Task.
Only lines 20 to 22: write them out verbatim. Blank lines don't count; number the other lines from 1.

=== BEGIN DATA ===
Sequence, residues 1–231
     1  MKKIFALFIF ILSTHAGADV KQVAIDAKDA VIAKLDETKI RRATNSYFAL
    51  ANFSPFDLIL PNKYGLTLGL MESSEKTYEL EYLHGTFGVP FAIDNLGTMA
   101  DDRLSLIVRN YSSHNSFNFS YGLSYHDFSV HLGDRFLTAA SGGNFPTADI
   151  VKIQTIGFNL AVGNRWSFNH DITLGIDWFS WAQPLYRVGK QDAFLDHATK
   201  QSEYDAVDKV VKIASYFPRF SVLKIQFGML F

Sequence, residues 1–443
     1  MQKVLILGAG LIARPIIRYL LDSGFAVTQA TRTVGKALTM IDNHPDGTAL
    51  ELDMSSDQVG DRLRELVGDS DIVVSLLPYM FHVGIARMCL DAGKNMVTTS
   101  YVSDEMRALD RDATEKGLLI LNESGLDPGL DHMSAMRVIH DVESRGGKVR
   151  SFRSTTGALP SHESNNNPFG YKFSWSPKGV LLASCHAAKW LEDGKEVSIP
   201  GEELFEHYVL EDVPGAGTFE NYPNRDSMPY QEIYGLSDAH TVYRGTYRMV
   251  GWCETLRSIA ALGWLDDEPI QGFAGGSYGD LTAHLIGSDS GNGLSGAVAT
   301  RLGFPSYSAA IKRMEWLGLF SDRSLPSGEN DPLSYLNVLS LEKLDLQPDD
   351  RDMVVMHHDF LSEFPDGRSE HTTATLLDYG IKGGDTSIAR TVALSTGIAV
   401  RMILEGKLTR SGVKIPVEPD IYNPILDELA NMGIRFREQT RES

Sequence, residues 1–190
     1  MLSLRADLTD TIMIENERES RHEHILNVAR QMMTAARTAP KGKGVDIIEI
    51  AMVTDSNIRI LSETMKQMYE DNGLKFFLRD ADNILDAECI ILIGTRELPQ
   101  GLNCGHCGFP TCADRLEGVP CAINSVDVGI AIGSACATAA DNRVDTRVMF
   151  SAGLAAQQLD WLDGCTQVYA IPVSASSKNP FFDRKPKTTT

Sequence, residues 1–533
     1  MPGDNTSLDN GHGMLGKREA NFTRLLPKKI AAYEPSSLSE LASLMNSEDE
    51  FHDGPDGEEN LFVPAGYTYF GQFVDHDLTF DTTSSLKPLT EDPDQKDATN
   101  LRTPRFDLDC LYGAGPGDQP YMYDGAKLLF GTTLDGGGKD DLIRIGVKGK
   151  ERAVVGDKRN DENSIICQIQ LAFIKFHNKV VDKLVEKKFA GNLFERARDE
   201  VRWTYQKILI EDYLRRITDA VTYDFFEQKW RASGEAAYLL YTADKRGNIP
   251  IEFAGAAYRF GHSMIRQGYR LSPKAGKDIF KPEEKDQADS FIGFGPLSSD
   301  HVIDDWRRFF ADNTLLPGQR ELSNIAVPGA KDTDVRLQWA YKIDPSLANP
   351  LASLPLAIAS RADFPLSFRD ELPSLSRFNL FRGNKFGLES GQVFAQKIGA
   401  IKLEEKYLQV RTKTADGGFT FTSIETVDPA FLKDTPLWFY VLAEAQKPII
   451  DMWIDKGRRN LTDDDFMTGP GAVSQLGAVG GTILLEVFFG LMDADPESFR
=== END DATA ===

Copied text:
   101  GLNCGHCGFP TCADRLEGVP CAINSVDVGI AIGSACATAA DNRVDTRVMF
   151  SAGLAAQQLD WLDGCTQVYA IPVSASSKNP FFDRKPKTTT

Sequence, residues 1–533